Results: The median lethal concentration (LC50) of the diesel used were calculated mean mortality of the test organism Nitrobacter sp. with industrial diesel in fresh water was (43.85%) >Nitrobacter with industrial diesel using brackish water (30.23%) >Nitrobacter with industrial diesel in marine water was (15.93%). Nitrobacter with locally refined diesel in fresh water (34.76%) >Nitrobacter with locally refined diesel in brackish water (26.81%) >Nitrobacter with locally refined diesel in marine water (29.77%). [Noting that the lower the LC50, the more toxic the toxicant].
Conclusion: The study shows that local refined diesel has more toxic effect in brackish and freshwater than industrial refined diesel whereas in marine water a reverse trend occurs; industrial refined diesel being more toxic than local refined diesel. In view of the sensitive nature of Nitrobacter sp. to slight variation in toxicity quotient and its role in biogeochemical cycle; it could serve as a potential tool for eco-toxicological assay and pollution bio-marker.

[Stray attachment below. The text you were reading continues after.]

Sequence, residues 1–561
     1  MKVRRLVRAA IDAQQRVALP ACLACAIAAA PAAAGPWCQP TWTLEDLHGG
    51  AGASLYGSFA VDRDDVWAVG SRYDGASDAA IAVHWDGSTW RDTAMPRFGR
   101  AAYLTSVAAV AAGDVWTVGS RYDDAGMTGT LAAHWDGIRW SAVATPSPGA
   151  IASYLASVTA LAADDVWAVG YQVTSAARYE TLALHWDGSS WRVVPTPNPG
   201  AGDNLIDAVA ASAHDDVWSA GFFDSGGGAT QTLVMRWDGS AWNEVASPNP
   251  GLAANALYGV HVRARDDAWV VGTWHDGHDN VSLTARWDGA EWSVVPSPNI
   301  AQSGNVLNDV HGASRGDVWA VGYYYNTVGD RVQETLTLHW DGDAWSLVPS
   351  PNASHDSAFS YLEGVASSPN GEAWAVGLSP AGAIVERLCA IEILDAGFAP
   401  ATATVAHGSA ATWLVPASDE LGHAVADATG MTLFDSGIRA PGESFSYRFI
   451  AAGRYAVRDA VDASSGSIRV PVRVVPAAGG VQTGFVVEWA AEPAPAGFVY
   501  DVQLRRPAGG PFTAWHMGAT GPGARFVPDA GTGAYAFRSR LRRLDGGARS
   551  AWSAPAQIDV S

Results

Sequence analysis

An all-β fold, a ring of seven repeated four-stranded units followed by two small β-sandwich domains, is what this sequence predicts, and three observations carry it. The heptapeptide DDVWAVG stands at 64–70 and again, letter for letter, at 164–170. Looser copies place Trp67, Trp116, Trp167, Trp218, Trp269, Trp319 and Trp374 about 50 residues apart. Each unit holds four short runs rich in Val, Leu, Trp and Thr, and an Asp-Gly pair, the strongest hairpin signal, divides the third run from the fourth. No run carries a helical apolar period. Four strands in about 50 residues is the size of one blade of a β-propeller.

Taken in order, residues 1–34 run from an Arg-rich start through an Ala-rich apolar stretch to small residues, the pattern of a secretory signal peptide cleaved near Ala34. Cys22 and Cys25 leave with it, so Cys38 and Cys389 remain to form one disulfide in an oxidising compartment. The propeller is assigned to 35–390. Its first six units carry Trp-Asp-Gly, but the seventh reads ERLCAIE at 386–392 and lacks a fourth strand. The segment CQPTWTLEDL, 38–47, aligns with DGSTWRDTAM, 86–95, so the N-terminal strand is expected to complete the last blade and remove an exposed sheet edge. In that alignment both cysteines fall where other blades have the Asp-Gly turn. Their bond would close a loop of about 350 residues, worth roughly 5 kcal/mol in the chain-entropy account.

Optimization of Bioluminescence of Vibrio fischeri and Assessment of Hg++, Cd++, As++, Zn++, Ag+, Cu++ and Ni++ Ions
Various forms of metallic elements are ubiquitous in the environment. The presence of heavy metals in the environment results from natural causes and human activities. They are necessary and even essential for growth and well-being of living organisms. Meanwhile, at high concentration they pose a particular problem by exhibiting more or less strong toxicity. Unlike other toxicants, these elements are not biodegradable. Therefore, they accumulate by marine organisms throughout food chain, which represent a potential danger for flora and fauna. Their toxicity on organisms and their impact on the environment were very different. One of the most important part to evaluate environmental pollution is assessment of heavy metals. Therefore, it is important to use a simple and cost effective method to evaluate toxicants. In this regard, a bioluminescence inhibition method has been optimized. This method consisted to optimize the intensity and stability of luminescence emitted by bacteria Vibrio fischeri (V. fischeri) strain NRRL-B-11177. Toxic effects of Cd++, Zn++, As++, Ag+, Ni++, Cu++ and Hg++ ions have been determined using the method. Results showed aeration (900 ml/min) and agitation (250 rpm) were essential to V. fischeri to emit light. Hg++ ion was the most toxic compared to other tested ions with EC50 value of 0.008 ± 0.001 mg/l. Thus, this method is simple, rapid, sensitive and cost effective, could be used to assess a considerable amount of samples.